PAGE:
Wednesday, April 25, 2012

Petzel swore wait time was not an issue

Larry Abramson (NPR's Morning Edition) reports today on how the increasing number of veterans entering the VA system has been accompanied by increased federal funding but that has not resulted in decreased wait times despite VA officials repeatedly telling Congress otherwise. The VA Inspector General report finds what Senator Patty Murray has maintained based on her experience with field hearings and her conversations with veterans: long delays for veterans seeking medical help.

 Let's drop back to the Feb. 28th joint-hearing of the House and Senate Veterans Affairs Committee (see the March 1st snapshot) for this:

Chair Patty Murray:  Mr. Secretary, last year, we talked a lot about mental health care and I think we together uncovered a lot of serious issues best summed up by a veteran that I heard from recently who uses the Ann Arbor Medical Center and had to wait months and months to get into counseling but then he had glowing things to say about his mental health care once he got in.  So in order to address those types of issues, VA has to be certain it has enough resources to not only keep up with the increasing number of veterans seeking mental health care but also bring down that unacceptably long wait time. Over the course of the last fiscal year, the number of Iraq and Afghanistan veterans who are looking for mental health care went up by about 5% and that's about 18,000 every quarter.  So I wanted to ask you this morning if you believe the increase in mental health funding in the budget request is sufficient to accomplish the goals and keep up with this increasing demand?
Secretary Eric Shinseki::  I-I believe that the budget, if you look at the 13 budget request, I think it's adequate for us to meet what we understand our requirements are in 13. Are there issues out there now that we will discover between now and executional budget?  I would say if we do, Madame Chairman, I would be the first to tell you.  Now you asked us to do a survey and we did. It was very hastily done.  Senator Burr referred to some of the output conclusions out of that survey.  Out of 27,000 of our health care -- mental health providers, 319 were surveyed and the results were as described.  My question of VHA was did you go to the places we thought there would be problems?  And the answer was yes, because we were asked to go figure this out. So I would say we got a pretty pure response.  What I think we need to do is make sure --  we're going to take another broader look  -- to make sure we understand across the larger population what our issues are and where there are opportunities for -- reallocation or to hire more people?  I would offer to the Chair, I took a look at what we've done in mental health over the last 4 budgets.  If we look at '12 to '13, it's rather unimpressive.  I mean, it's 5% and it matches the increase in the medical budget but between '9 and '13 our increase is 39%. in mental health.  And if you include the 14 advance appropes [2014 advance appropriations requests] it will go up 45% --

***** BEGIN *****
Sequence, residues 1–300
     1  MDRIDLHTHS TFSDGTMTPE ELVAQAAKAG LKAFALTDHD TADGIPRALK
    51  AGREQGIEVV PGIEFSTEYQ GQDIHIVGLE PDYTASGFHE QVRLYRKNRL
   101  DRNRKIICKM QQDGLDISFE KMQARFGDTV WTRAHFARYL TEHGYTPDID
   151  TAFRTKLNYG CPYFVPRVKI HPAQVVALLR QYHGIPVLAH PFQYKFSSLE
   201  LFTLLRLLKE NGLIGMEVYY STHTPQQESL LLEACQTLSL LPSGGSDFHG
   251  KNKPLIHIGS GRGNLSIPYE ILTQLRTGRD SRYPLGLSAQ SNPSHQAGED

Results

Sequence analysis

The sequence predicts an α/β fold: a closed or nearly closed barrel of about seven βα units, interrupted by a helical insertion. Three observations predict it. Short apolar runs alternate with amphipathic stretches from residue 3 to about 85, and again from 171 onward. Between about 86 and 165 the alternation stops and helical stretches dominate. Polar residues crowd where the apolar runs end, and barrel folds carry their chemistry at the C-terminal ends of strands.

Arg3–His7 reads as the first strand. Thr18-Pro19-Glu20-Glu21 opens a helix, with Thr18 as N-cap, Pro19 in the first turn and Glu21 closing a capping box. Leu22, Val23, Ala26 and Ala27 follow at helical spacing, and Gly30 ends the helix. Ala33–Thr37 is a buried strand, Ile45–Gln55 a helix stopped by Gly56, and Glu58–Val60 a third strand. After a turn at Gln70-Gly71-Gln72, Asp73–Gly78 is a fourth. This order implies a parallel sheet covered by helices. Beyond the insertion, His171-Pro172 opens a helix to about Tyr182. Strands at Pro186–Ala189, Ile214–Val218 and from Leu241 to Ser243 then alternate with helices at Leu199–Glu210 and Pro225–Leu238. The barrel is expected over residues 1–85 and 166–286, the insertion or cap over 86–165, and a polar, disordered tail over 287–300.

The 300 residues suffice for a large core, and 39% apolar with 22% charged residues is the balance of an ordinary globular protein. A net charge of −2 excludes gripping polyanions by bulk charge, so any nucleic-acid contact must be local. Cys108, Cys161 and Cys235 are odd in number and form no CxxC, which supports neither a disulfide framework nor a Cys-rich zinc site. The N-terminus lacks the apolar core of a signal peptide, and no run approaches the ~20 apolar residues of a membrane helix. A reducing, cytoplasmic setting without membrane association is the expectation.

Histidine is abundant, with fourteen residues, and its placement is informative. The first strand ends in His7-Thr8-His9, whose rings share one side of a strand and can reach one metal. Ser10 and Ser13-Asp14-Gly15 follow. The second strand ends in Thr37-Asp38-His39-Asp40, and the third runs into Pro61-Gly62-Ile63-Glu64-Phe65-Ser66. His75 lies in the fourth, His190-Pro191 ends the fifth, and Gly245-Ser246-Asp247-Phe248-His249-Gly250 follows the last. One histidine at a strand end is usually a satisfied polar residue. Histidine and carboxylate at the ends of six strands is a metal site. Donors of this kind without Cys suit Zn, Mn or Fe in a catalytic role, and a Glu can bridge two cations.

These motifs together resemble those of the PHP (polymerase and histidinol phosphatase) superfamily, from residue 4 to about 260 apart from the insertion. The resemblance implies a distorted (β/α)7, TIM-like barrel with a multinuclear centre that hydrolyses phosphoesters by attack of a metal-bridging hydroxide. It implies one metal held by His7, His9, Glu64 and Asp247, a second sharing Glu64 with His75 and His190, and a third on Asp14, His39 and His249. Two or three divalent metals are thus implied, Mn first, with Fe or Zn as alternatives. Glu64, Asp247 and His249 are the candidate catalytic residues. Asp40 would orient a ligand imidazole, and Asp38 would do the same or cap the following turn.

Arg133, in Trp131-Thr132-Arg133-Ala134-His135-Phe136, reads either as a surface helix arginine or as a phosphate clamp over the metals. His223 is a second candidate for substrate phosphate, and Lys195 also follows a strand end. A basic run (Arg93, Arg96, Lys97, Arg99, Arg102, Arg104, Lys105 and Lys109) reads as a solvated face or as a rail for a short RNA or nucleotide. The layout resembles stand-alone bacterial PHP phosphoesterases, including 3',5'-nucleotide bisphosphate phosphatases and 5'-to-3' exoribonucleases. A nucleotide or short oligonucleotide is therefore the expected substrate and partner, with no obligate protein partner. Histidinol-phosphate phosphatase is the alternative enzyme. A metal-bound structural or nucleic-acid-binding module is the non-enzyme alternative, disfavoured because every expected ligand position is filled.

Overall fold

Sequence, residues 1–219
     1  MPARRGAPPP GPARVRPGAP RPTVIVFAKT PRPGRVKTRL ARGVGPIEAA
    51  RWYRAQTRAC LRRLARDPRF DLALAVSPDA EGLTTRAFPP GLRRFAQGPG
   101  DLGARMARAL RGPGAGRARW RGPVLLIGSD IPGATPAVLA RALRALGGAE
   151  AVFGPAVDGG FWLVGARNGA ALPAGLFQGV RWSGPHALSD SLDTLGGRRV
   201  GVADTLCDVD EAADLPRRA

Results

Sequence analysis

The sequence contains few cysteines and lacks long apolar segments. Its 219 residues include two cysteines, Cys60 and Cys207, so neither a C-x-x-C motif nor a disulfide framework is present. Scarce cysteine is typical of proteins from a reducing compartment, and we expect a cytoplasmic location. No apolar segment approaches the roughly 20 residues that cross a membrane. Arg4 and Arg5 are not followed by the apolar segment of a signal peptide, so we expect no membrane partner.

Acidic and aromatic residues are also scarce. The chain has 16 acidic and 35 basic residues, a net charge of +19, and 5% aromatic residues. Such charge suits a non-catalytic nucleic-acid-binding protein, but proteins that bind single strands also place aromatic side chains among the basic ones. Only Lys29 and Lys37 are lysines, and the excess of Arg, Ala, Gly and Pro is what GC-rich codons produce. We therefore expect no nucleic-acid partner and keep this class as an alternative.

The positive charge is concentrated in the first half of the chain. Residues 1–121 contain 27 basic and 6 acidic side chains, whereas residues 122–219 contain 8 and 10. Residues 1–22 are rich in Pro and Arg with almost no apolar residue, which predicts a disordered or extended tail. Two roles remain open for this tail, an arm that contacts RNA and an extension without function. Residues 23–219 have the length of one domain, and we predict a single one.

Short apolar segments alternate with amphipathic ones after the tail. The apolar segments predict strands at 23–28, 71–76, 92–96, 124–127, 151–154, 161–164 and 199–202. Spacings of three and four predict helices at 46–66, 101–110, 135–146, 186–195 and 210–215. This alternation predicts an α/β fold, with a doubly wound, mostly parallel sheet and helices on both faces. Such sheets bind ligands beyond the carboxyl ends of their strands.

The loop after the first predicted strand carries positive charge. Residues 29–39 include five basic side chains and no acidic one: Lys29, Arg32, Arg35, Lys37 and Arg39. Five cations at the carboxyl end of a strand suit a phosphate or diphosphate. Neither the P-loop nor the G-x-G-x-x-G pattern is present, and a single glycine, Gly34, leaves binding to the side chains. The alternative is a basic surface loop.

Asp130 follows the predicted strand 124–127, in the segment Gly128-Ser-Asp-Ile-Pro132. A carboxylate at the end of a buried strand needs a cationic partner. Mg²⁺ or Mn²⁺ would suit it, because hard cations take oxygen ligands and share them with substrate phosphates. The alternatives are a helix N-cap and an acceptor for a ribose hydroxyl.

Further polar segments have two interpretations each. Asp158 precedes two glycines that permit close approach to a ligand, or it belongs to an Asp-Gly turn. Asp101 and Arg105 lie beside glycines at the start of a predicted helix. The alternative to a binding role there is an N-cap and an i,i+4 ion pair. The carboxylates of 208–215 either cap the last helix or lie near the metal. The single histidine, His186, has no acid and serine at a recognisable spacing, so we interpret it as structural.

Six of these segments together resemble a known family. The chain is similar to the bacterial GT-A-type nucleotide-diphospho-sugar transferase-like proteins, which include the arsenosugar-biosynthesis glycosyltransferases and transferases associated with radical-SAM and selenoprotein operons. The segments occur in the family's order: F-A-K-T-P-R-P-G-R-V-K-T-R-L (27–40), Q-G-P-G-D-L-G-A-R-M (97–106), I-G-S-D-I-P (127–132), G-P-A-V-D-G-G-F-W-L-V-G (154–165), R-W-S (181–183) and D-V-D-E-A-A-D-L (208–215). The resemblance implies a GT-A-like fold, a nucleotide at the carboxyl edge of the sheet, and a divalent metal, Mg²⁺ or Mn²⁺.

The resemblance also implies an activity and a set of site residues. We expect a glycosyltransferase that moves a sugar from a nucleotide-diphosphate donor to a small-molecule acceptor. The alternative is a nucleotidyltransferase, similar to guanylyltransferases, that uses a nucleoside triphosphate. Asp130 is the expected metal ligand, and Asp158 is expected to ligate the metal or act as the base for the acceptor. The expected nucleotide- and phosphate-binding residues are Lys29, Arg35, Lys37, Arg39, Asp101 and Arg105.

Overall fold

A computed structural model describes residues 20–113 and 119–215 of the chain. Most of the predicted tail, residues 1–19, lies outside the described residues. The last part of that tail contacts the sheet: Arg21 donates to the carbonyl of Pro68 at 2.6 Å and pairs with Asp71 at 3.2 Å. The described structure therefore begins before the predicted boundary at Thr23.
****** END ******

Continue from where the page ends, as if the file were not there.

Chair Patty Murray: And that is a result of the number of soldiers who are coming home with the invisible wounds of war which is dramatically increasing, correct?
Secretary Eric Shinseki:  Uh, true but we are trying to anticipate that there's going to be a larger requirement in the odd years even if we don't have clarity, we're trying to prepare for that.  We want to do a larger survey here as I indicated and then see -- and then see what the outcomes are.  But let me turn to Dr. Petzel for any details.
Dr. Robert Petzel:  Thank you, Mr. Secretary.  Madame Chairman, as a result of the hearing that we had earlier in the year, we have now done two things that are, I think, important and on point with regards to your question.  One is that we've developed a staffing model.  It is the only staffing model that I know that is available about mental health.  It's in the -- in the beginning stages but it is giving us some information about what the need might be.  But I think more importantly, we're site visiting all 152 of our medical centers to look at the access to mental health services -- both the initial appointment and subsequent appointments, be it for PTSD patient program, a group program or individual psychotherapy.  And what we're finding is that there is -- We do meet the criteria for the first appointment in most every instance. We're having some difficulties in some parts of the country making the next appointment in a timely fashion, getting them -- as you mentioned earlier -- into the specialty services.  This could be the result of three things.  One, is do we have enough staff out there?  Have we given enough positions and enough resources?  Two is: are those positions filled? Are they filling those positions up in a timely fashion.  And then the third is are we getting the appropriate level of productivity out of  each one of those people?  If we do discover, as the Secretary just mentioned, that we do have additional needs that are unmet, I can guarantee you that we will be in communication with the Committee about those needs and in for a discussion.